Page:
Yu shi bi shu shan zhuang shi [or] ji [Imperial Poems on the Mountain Estate to Escape the Heat]. Emperor of China KANGXI.
Yu shi bi shu shan zhuang shi [or] ji [Imperial Poems on the Mountain Estate to Escape the Heat].
Yu shi bi shu shan zhuang shi [or] ji [Imperial Poems on the Mountain Estate to Escape the Heat].
Yu shi bi shu shan zhuang shi [or] ji [Imperial Poems on the Mountain Estate to Escape the Heat].

The Gardens & Landscapes of the Emperor’s Summer Palace

Yu shi bi shu shan zhuang shi [or] ji [Imperial Poems on the Mountain Estate to Escape the Heat].

17 (of 36) folding black & white woodcut plates, each with fine contemporary (?) hand-coloring. Printed in red & black (zhu mo tao yin ben). 51; 50 folding leaves. Two vols. 8vo (265 x 166 mm.), modern brown wrappers, new stitching. [Beijing: Wu ying dian [the Imperial Printing House], Preface dated 1711, Afterword dated 1712, completed 1713?].

First edition, Chinese issue, of this famous and beautifully illustrated book, ordered by and overseen by Kangxi (1654-1722), Emperor of China. It was printed in 400 copies on superior paper, 200 in Manchu and 200 in Chinese. The Chinese edition is quite remarkable for having been printed in both black and red ink (zhu mo tao yin ben), an invention from the Yuan Dynasty, requiring two runs through the press.

The book is a collection of poems written about 36 remarkable sites, which include gardens, landscapes, and buildings at the emperor’s summer palace, a mountain estate, in Rehe (now Chengde, Hebei; it is today a UNESCO World Heritage Site). For each poem, a magnificent folding woodcut plate is provided, depicting the associated site.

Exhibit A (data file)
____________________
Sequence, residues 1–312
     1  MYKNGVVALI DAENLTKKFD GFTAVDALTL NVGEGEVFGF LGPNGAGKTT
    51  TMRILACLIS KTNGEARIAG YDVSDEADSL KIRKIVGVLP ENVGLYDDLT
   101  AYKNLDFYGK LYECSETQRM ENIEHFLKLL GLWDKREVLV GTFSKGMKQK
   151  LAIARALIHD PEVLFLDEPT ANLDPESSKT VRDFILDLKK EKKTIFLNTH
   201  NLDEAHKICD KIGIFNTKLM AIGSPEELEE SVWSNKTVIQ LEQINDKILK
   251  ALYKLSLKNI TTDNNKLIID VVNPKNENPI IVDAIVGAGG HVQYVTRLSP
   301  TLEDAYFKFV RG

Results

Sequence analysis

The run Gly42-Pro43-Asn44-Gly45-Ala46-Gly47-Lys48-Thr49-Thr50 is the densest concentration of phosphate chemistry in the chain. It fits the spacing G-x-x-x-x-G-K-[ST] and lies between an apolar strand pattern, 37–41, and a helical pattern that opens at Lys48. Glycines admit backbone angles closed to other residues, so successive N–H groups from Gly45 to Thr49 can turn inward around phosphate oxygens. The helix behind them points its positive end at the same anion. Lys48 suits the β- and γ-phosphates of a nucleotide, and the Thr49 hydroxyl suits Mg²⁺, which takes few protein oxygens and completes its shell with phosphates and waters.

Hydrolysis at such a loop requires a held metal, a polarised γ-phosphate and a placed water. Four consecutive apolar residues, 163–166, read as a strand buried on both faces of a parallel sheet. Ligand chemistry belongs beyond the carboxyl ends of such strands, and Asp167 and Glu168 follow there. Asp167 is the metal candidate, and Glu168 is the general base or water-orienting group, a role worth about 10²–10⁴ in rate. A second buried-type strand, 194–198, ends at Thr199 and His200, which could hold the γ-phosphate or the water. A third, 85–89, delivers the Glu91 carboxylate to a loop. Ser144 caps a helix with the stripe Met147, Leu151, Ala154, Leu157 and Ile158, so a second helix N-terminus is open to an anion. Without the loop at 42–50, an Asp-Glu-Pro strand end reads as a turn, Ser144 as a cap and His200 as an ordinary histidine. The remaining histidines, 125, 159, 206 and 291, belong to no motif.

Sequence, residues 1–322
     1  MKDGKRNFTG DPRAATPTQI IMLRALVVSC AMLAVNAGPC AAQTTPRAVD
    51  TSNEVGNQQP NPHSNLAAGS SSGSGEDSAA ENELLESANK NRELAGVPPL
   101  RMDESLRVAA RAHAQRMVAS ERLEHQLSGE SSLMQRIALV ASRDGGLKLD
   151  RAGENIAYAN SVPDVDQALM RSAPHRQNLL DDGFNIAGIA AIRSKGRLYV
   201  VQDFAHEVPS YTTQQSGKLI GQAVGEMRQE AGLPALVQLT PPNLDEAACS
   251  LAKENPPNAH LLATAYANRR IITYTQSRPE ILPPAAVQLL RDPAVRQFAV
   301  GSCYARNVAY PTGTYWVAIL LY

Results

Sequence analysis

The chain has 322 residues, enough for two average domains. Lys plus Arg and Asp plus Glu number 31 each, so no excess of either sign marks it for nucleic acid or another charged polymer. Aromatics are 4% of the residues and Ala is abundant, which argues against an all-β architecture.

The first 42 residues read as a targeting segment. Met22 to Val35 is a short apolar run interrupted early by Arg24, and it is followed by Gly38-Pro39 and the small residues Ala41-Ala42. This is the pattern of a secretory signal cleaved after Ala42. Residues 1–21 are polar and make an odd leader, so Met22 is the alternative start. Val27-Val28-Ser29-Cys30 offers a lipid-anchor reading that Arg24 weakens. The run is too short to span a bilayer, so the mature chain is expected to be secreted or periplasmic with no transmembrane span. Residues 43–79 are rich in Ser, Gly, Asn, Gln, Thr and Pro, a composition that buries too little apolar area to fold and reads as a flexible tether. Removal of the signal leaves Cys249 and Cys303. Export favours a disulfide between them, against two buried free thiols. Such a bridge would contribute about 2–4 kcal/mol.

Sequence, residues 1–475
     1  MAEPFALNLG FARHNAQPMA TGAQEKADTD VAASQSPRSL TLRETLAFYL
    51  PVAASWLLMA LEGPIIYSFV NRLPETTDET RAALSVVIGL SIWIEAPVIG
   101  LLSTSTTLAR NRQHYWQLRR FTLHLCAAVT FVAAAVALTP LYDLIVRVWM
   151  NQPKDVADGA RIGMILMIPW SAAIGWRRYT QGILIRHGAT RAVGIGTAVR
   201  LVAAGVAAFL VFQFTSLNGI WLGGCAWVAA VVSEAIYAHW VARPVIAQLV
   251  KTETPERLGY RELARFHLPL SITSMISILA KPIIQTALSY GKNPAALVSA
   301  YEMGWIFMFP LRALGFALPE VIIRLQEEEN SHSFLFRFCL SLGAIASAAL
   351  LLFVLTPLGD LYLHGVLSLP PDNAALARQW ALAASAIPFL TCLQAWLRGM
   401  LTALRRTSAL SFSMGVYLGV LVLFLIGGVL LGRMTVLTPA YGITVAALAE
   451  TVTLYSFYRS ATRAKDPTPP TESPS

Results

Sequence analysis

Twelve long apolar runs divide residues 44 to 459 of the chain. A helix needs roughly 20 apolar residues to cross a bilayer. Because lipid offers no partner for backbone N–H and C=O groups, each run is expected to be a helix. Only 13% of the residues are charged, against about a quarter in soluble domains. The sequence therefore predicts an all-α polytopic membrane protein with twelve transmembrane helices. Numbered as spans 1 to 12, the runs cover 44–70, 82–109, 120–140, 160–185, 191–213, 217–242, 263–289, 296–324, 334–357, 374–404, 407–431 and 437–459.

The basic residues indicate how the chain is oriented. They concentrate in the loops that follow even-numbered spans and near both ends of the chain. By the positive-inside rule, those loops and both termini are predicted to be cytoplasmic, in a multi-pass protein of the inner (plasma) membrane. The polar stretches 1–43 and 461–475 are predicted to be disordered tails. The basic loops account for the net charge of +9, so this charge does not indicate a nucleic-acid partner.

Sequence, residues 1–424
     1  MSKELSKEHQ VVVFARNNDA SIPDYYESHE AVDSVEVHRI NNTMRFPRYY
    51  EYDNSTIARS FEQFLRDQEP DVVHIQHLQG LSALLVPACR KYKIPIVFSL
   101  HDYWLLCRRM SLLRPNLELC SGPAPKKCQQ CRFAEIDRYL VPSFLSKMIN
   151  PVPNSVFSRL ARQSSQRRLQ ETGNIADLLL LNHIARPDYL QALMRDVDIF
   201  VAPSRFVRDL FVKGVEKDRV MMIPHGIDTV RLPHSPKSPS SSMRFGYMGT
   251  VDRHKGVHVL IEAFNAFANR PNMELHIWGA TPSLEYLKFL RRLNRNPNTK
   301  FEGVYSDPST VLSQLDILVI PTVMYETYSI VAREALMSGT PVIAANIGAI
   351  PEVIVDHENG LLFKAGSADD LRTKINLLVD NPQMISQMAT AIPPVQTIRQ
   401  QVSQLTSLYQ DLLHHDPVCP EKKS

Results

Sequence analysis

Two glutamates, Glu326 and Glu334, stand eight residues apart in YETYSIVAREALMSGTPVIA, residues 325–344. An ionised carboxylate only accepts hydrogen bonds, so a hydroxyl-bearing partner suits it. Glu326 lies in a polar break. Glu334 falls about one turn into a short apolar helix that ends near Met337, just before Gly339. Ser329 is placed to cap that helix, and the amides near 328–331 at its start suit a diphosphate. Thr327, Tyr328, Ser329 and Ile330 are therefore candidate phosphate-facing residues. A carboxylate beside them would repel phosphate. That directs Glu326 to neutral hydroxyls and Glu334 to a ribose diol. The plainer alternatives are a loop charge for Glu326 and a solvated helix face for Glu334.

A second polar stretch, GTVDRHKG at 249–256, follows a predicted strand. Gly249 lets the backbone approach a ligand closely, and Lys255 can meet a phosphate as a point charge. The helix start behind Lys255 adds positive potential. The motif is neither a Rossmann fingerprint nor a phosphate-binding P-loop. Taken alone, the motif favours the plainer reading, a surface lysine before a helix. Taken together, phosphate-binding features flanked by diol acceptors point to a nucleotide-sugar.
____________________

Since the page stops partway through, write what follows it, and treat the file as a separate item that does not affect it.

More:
While our copy has 17 of the 36 folding plates, they have been beautifully hand-colored at what appears to be an early date and have large margins at the bottom. The difference between the black & white plates and those hand-colored is remarkable and dramatic. In each case, the plates — which are extremely fragile — have been expertly backed with new paper, margins strengthened, and reinserted into the volumes on stubs. The plates clearly come from another copy. On several of the plates there is some small loss of image. Our copy has plates 2, 3, 7, 8, 9, 11, 14, 15, 16, 19, 21, 24, 25, 27, 29, 32, and 35 (as established by Whiteman, see below).

The result is a perfect match of poetry and landscape painting, with strong literary and artistic characteristics. Kangxi’s own Preface, dated 1711, is followed by the impressions in red of his two seals: Ti yuan zhu ren (his style name used on his seals) and Wan ji yu xia (“Brief leisure”).

This work “offers a virtual tour framed by images and the emperor’s own poetry, the garden placed in the palms of one’s hands. Created in parallel painted [which no longer survives], woodblock printed [our first edition], and copperplate engraved versions, the album’s multiple iterations resonated with each other and with the park itself.”–Stephen H. Whiteman, Where Dragon Veins Meet. The Kangxi Emperor and His Estate at Rehe (2020), p. 6–(& see the entirety of this wonderful and beautiful book, especially pp. 151-88). The scenes of the imperial gardens and landscapes offered in this book allowed unprecedented access to the private life of the emperor.

In 1702, Kangxi ordered the construction of the palace and landscaping of the considerable parklands at Rehe in order to support his annual tours north amongst the court’s Inner Mongolian allies. The palace served as a second capital at which Kangxi resided from late spring to early autumn. When in residence, the emperor oversaw garden tours, banquets, and entertainments, all of which celebrated his rule.